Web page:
- If an infinite language is regular, it can be defined by a dfa.
- The dfa has some finite number of states (say,
*n*). - Since the language is infinite, some strings of the language
must have length >
*n*. - For a string of length >
*n*accepted by the dfa, the walk through the dfa must contain a cycle. - Repeating the cycle an arbitrary number of times must yield another string accepted by the dfa.

The proof is always by contradiction. A brief outline of the technique is as follows:

- Assume the language L is regular.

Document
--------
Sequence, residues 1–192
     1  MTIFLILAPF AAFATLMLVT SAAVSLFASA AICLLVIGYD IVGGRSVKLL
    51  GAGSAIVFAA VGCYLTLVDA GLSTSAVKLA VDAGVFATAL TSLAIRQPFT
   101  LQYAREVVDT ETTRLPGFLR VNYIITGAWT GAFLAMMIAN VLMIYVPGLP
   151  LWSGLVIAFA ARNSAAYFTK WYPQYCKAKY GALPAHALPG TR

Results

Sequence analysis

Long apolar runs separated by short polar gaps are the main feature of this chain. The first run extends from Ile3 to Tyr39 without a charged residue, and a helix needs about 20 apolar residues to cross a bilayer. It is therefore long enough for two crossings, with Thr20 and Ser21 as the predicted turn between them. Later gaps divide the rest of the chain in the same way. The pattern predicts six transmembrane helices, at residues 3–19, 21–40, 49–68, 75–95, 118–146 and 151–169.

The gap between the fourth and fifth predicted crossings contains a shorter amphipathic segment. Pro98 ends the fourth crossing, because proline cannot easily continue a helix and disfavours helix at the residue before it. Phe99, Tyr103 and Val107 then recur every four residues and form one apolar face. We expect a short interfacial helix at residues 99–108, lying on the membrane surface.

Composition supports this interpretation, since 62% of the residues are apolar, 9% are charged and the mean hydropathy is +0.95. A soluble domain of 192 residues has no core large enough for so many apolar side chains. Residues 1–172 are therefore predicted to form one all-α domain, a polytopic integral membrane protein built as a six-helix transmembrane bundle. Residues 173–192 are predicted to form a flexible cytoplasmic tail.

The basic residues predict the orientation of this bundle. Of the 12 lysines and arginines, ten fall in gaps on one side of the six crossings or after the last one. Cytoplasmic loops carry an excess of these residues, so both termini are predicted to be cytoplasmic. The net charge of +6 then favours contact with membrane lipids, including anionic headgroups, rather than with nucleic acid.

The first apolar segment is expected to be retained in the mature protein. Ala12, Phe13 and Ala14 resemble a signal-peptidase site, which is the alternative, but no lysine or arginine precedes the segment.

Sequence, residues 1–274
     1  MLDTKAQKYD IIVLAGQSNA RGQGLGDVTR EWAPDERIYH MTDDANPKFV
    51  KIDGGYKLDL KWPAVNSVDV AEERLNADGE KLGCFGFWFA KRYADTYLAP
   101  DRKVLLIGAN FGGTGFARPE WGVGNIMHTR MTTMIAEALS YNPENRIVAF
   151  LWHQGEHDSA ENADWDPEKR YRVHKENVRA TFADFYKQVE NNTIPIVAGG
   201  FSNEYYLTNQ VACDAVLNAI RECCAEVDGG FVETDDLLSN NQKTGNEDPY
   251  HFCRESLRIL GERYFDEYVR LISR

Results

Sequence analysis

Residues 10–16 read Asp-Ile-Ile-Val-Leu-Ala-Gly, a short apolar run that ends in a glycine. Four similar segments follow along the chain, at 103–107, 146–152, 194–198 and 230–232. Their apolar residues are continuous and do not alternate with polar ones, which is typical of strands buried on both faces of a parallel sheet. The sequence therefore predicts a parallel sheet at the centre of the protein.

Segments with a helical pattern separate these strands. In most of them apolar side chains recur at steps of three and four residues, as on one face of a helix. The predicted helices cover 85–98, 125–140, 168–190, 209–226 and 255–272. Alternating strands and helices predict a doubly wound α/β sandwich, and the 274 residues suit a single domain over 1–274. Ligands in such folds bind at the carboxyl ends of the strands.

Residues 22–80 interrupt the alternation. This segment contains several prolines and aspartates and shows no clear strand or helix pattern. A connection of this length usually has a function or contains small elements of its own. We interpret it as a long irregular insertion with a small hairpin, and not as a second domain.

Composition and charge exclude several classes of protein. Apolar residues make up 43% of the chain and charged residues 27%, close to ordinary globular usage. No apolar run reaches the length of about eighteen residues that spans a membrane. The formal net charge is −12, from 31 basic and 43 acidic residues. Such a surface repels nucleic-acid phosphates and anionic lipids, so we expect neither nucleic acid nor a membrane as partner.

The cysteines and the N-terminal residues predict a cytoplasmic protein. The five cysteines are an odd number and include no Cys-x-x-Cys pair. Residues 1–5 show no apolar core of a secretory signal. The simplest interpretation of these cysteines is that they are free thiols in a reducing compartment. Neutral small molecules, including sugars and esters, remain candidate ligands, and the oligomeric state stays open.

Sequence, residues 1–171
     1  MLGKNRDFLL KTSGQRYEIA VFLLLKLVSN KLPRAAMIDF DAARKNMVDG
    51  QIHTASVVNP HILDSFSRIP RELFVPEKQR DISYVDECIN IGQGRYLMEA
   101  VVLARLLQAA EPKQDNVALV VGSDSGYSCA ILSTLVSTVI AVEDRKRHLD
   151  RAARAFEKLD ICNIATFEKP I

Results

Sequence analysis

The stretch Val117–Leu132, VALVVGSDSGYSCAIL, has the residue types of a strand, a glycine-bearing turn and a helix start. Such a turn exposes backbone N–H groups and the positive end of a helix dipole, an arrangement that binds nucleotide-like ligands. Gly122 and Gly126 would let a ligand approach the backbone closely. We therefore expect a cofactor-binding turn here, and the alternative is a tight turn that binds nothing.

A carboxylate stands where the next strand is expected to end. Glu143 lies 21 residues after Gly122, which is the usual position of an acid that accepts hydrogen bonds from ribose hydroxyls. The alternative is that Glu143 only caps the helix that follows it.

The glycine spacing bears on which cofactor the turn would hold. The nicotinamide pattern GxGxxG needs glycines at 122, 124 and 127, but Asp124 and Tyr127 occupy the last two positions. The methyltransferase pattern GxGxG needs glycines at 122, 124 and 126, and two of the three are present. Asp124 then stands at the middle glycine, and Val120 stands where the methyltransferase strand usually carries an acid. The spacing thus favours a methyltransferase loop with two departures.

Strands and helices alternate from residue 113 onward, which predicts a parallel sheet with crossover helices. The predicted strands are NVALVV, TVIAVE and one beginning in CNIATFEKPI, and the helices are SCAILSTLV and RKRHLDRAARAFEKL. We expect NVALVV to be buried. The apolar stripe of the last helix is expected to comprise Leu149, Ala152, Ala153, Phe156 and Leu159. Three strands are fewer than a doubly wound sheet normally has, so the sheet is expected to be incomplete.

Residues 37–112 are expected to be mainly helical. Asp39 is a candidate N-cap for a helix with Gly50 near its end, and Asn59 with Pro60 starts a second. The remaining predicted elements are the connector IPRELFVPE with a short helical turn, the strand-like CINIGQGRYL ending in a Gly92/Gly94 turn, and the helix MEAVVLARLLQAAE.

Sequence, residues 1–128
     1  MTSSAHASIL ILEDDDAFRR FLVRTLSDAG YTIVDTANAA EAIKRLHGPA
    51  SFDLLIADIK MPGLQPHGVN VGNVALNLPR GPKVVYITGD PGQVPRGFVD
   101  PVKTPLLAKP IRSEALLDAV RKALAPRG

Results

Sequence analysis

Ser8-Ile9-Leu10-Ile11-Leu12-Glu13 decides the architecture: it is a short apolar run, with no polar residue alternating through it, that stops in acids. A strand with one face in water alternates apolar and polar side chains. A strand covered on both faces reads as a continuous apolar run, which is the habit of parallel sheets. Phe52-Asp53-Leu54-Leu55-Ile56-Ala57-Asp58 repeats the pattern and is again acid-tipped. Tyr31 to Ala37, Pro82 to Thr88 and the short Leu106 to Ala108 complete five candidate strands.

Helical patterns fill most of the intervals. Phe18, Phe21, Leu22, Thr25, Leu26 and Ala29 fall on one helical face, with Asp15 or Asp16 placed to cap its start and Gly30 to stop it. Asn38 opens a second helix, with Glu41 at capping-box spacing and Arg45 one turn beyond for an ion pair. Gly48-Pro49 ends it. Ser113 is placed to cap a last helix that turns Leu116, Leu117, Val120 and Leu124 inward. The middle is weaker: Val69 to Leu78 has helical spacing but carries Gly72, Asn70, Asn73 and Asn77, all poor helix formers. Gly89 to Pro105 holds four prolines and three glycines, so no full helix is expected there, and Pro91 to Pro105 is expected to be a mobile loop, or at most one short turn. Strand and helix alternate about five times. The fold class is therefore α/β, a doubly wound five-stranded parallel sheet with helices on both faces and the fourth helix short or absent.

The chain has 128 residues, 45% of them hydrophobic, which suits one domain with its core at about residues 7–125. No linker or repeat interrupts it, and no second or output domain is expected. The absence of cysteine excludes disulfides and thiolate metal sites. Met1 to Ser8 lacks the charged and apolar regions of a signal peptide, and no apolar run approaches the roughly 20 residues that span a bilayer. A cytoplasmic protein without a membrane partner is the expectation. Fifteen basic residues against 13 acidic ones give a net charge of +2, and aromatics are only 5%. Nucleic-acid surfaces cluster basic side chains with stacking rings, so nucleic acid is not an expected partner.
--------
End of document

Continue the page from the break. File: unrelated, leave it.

- By the pigeonhole principle, any sufficiently long string in L must repeat some state in the dfa; thus, the walk contains a cycle.
- Show that repeating the cycle some number of times ("pumping" the cycle) yields a string that is not in L.
- Conclude that L is not regular.

- We don't know the dfa (if we did, the language would be regular!). Thus, we have do the proof for an arbitrary dfa that accepts L.
- Since we don't know the dfa, we certainly don't know the cycle.

- We get to choose the string (but it must be in L).
- We get to choose the the number of times to "pump."

Copyright © 1996 by David Matuszek

Last modified Feb 18, 1996